There’s only one Ricky Hatton. Well, this is certainly the case if we look at the ex boxer’s fan base. The light welterweight Manchurian who built his crowd-pleasing reputation on the back of his aggressive boxing style, had a unique capacity for bringing crowds of ten of thousands overseas when he was under the bring lights of Vegas.

During Hatton’s twelve-year-long career he held a number of world titles and for a time was the lineal light welterweight champion. His success was great, and so were his earnings.

Hatton, who now owns and runs his own promotional company, is worth a massive £40 million. For Hatton’s fight against Pacquiao in 2009, where he was unfortunately flattened in the true sense of the word, he earned £20 million. That was for just six minutes of ring time. No doubt he wished he’d had more, mind you.

Whether the Pacquiao result was just a mere fact of two fighters belonging on different levels, or whether it was Hatton’s ability to put on excessive amounts of weight between fight — is open to question.

Such was Hatton’s glutenous approach to life, the wealthy jovial boxer once said: I'm going to say hello to two friends who I've shut out of my life for the past 10 weeks while I trained the hardest I've ever done for a fight. So welcome back Mr Guinness and Mr Dom Perignon.”

He was a funny guy. Nice that he could afford Dom Perignon too. He probably earned enough money to both bath it the fancy champaign and to wash himself with Guinness. Not suggesting Hatton did anything of the sorts, of course.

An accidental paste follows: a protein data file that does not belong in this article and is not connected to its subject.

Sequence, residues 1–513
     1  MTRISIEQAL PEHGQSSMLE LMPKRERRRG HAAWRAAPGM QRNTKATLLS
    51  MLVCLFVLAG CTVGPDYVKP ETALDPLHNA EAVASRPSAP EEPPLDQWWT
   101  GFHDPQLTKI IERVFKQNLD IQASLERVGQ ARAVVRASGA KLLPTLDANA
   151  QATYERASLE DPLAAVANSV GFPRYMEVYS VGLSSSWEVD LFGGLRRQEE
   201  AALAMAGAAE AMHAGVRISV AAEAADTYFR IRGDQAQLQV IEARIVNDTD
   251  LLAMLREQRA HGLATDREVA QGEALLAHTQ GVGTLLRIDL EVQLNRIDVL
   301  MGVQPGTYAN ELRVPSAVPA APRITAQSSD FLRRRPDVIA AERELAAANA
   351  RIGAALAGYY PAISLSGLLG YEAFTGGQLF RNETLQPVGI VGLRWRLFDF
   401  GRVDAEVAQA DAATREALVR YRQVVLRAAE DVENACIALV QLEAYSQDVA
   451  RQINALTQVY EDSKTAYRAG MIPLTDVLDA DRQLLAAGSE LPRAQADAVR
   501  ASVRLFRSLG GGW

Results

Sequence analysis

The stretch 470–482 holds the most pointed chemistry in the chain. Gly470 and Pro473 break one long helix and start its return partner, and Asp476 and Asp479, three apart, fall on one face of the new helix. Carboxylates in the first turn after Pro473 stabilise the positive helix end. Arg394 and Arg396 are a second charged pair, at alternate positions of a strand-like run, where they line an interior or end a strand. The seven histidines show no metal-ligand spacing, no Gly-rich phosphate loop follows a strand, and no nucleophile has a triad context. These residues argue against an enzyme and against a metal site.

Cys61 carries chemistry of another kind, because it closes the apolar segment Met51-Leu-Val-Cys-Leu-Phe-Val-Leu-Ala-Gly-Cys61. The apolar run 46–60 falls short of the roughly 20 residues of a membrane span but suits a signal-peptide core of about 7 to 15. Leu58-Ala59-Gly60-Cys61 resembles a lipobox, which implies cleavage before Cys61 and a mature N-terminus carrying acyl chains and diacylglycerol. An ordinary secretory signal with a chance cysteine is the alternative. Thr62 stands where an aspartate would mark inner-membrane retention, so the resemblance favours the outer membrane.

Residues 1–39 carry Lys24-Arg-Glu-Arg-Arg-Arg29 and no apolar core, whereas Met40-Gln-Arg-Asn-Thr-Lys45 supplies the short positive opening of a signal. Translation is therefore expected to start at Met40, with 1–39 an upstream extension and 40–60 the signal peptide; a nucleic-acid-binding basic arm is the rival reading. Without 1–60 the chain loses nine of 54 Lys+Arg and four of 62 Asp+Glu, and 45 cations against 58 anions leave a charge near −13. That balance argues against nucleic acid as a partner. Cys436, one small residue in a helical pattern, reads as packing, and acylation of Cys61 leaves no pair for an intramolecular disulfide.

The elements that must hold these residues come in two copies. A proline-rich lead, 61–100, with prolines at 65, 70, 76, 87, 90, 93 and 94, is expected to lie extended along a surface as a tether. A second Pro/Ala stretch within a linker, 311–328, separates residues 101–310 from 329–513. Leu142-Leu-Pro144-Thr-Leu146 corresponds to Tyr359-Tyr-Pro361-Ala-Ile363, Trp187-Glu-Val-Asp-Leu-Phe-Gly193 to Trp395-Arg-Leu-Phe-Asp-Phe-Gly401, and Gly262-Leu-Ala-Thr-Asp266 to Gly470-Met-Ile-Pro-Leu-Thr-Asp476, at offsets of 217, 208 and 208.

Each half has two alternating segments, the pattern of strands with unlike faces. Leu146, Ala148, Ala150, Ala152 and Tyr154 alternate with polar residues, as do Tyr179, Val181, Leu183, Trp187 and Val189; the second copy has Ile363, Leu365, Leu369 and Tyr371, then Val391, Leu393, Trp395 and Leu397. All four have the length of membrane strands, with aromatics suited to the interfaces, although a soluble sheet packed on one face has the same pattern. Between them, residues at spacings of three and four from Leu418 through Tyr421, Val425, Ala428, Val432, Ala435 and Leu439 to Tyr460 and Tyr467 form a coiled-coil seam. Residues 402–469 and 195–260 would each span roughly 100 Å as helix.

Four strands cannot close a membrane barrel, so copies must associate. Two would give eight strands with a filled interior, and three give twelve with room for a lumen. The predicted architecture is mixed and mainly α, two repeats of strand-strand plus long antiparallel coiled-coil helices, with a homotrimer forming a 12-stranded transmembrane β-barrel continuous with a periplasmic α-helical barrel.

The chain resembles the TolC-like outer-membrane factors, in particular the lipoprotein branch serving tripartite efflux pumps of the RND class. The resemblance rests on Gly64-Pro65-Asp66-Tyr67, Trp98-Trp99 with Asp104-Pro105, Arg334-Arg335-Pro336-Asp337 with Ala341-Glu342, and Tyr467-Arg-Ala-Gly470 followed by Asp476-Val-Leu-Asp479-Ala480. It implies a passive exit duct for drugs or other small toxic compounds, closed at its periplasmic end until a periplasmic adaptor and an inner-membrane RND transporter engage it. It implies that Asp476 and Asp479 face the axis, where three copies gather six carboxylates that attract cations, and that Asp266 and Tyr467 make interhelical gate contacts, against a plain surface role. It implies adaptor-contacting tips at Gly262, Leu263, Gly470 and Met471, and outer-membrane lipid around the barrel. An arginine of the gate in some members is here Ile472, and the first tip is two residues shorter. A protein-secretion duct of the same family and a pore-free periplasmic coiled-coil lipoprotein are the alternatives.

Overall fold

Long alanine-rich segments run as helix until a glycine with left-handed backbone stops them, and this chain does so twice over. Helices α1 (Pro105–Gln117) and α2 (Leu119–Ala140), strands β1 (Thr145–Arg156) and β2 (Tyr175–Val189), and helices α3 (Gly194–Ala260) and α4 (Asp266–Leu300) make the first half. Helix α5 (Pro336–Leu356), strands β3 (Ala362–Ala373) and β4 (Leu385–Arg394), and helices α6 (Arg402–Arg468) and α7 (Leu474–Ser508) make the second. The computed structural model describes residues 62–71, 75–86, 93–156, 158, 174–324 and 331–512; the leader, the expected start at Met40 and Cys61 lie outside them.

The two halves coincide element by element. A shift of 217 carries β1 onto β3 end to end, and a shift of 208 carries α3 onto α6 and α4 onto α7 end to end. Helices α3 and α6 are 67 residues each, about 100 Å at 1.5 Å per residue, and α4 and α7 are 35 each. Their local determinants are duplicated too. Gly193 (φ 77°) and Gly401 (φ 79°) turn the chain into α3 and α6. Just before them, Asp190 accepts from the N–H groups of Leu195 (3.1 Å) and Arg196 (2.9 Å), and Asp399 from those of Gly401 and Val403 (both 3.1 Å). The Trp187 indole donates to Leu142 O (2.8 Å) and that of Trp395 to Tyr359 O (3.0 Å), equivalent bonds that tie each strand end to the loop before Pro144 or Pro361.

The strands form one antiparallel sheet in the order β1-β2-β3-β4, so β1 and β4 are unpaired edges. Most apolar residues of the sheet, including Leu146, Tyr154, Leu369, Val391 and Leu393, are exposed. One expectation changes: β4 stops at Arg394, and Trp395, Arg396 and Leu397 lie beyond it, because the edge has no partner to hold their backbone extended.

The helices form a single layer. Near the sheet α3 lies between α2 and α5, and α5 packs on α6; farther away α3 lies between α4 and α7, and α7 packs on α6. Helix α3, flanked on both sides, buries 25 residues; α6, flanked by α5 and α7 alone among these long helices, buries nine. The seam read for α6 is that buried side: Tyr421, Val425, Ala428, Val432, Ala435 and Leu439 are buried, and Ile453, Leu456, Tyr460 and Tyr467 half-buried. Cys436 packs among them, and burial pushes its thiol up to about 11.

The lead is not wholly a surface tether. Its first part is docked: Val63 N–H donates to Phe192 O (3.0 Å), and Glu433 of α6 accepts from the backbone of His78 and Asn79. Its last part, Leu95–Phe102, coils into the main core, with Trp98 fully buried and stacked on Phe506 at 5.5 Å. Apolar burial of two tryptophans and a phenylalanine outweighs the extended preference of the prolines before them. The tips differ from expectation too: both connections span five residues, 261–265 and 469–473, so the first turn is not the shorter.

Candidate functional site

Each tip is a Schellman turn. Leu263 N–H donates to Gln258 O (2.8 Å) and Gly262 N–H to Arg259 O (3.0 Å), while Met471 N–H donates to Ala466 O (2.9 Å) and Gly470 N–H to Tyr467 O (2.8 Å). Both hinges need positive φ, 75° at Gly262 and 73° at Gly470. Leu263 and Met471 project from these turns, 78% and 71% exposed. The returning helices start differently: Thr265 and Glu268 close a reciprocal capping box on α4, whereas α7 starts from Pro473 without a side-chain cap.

After the damaging loss to Pacquiao, Hatton put the breaks on his career. But rather than take retirement and swiftly move on to live his indulgent wealthy life, he decided to take a fight in a comeback showdown against reputable fringe contender Vyacheslav Senchenko. Hatton was stopped by a powerful body shot in the later rounds after having some success early on.

Despite the critics crawling out of the woodwork after Hatton’s career slide, it’s fair to say that he did pretty well for a lad born on the Hattersley council estate in Hyde, Manchester.
After a not massively extensive amateur career, where he’d set up his worth as a professional prospect after winning seven British titles and boxing for his country, he signed with Frank Warren — Britain’s top boxing promoter at that time. He was only 18-years-old when he signed his pro contract. His parents must’ve been proud and excited at what lay ahead.

Hatton’s father was a carpets trader, and a young Hatton swiftly followed his dad by joining the family company after leaving school. No doubt Hatton appreciated his career pay rise.
Despite the massive earning the boxer made through his career, he did also confess to wanting to be a singer, rather than a boxer, saying: “I have always really liked Tom Jones and I can't wait to see him in action. One thing is for sure, I would rather be singing for a living than getting punched on the head.”

If only he could sing as well as he could box, aye.